My best showing at Fantasia Fair was when I had the “Femulate Blog Party.” I advertised it here in the blog everyday for weeks beforehand and as a result, about 15 people showed up. (My other Fantasia Fair presentations were less successful attendance-wise.) 

My friend added, “I don't think workshops are that important now. Not sure what is.”

She has a point. You can find lots of the topics covered by workshops on the Internet for free, so who needs to slog to a trans convention.

Are events like Fantasia Fair, First Event, Keystone Conference, Southern Comfort, etc. becoming more social events and less venues where you can learn something. Who needs another “how to crossdress successfully” workshop?

I guess I have been around the block a few times too many and I don’t need no stinkin’ workshops. But I still attend workshops – more to socialize than to learn. Afterall, I am at a trans conference, so I might as well fill the time by attending a few workshops.

On the other hand, novices will probably get more by attending live workshops than by viewing the same on the Internet. It is one thing to view “how to crossdress successfully” from the safety of your closet. It is another thing to get all dressed up and attend the same workshop in person en femme.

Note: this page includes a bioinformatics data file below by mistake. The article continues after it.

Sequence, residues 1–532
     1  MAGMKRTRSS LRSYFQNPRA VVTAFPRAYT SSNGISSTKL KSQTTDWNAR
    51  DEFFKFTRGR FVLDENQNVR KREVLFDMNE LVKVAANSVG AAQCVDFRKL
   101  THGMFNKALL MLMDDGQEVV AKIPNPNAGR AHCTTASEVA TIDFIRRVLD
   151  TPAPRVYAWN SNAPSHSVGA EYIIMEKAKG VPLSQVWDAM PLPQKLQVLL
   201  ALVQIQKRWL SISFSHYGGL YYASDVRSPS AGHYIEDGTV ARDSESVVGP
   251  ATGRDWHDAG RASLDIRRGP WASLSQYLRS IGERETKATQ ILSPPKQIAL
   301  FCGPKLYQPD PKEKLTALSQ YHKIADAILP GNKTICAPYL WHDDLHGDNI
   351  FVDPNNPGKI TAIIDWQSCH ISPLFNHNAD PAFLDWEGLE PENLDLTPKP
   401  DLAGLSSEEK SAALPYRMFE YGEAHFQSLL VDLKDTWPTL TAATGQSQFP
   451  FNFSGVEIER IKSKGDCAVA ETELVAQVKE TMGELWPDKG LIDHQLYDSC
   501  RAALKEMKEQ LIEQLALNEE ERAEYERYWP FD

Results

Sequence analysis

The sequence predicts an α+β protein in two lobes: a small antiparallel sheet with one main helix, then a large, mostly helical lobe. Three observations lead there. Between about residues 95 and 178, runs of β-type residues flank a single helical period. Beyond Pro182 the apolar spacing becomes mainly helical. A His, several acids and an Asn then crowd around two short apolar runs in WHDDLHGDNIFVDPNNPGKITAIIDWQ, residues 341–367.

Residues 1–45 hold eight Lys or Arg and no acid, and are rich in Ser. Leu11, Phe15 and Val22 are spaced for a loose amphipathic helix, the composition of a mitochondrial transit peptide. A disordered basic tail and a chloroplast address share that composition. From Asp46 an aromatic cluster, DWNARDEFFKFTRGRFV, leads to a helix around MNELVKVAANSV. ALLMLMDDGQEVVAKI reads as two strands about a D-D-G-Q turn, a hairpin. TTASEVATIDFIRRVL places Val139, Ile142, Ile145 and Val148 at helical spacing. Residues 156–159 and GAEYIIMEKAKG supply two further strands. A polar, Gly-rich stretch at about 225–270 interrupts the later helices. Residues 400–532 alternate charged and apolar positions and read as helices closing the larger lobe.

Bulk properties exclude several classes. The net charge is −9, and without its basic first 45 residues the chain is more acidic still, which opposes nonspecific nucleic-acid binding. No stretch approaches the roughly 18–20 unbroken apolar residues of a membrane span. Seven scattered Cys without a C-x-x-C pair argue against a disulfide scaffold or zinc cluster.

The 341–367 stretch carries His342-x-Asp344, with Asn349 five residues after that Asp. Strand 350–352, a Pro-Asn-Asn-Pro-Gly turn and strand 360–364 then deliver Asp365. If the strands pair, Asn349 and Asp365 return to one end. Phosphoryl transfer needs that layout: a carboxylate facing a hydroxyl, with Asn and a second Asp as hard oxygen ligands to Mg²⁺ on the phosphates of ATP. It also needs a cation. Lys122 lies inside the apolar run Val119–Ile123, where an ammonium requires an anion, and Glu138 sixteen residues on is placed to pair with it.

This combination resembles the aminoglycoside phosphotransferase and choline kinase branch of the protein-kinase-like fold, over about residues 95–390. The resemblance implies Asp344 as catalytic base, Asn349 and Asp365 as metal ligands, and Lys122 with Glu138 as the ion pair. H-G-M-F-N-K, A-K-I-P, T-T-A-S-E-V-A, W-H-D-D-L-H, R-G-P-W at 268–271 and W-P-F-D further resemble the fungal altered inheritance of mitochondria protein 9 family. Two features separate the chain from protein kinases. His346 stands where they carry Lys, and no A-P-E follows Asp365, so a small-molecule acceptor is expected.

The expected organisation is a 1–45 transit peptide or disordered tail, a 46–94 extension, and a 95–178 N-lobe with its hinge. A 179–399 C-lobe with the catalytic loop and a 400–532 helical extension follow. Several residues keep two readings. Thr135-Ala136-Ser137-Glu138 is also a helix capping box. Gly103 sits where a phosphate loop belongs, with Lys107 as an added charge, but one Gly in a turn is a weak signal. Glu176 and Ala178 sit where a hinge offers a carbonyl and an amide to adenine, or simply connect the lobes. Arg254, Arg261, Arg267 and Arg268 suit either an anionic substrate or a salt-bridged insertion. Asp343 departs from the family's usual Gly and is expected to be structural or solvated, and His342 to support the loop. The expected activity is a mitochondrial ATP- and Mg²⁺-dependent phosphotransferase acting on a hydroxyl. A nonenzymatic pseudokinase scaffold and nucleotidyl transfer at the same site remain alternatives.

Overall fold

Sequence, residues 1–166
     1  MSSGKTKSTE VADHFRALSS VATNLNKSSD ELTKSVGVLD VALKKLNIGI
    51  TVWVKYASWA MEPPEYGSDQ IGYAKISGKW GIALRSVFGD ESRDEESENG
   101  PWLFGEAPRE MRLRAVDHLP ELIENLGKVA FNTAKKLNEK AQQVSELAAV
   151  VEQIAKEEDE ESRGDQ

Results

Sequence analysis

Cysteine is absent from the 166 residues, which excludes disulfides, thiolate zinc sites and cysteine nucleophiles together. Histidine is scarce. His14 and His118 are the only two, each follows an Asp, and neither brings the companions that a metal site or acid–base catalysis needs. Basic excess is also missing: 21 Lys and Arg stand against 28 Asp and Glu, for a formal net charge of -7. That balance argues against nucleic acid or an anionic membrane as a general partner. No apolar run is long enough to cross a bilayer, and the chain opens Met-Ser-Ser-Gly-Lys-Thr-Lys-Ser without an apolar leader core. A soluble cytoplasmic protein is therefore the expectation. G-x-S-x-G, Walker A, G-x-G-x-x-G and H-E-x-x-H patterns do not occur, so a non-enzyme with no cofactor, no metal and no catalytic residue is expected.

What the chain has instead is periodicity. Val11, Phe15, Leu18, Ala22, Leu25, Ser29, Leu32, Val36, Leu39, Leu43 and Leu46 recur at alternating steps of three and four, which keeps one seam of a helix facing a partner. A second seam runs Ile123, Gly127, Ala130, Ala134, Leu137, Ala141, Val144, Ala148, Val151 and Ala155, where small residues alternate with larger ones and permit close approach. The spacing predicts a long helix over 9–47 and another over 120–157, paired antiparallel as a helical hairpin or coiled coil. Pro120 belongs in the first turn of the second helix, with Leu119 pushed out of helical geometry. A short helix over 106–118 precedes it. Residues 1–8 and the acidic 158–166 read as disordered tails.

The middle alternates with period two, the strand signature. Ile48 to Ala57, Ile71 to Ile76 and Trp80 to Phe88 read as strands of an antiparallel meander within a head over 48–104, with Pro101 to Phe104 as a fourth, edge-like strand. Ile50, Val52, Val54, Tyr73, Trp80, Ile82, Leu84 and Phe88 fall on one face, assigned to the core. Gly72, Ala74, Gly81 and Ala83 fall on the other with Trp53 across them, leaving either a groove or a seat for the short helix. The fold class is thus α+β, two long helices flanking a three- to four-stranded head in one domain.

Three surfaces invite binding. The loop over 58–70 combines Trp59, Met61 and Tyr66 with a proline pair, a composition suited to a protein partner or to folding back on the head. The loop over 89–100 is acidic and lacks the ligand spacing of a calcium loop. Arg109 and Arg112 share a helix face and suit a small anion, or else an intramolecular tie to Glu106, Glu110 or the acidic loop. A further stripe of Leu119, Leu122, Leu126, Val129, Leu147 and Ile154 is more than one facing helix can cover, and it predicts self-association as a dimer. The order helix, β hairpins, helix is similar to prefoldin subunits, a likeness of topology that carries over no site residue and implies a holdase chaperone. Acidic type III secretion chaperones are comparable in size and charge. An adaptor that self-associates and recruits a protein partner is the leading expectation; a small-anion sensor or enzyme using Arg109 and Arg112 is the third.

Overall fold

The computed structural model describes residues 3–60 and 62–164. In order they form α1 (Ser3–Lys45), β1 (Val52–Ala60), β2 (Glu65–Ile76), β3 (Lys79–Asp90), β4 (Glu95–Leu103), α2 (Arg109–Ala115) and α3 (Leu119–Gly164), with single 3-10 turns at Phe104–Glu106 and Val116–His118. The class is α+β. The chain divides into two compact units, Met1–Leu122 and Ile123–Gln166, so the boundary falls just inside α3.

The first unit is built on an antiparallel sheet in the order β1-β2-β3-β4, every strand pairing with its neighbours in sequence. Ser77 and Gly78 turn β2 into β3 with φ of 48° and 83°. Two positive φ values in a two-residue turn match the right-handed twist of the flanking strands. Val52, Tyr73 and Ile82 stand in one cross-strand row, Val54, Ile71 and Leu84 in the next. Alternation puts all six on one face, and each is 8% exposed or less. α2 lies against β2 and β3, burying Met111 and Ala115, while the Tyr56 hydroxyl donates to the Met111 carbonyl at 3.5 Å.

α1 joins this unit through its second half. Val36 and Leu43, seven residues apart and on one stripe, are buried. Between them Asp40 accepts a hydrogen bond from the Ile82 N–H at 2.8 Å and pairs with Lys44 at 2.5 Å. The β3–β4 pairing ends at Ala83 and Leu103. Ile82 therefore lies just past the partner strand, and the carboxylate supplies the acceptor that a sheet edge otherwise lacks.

Until I attended my first convention, I was pretty much closeted only going out en femme to attend my support group’s bi-monthly meetings. By attending conventions in hotels filled with civilians, I slowly built up my confidence and eventually I was able to go anywhere I desired without a net. Not sure how much the workshops helped, but attending conventions sure made a difference.

By the way, it is that time of year when I can submit workshop proposals for two local conferences that occur early next year: True Colors and Transgender Lives. Not sure I want to do “how to crossdress successfully” again. Not sure there is even a need for “how to crossdress successfully.”

Let me ask you: If you were attending a conference, what would you like to hear me workshop about?

Source: Veronica Beard
Wearing Veronica Beard

Neil Patrick Harris and David Burtka femulate the Olsen twins at Heidi Klum's 2019 Halloween party

Saturday, November 2, 2019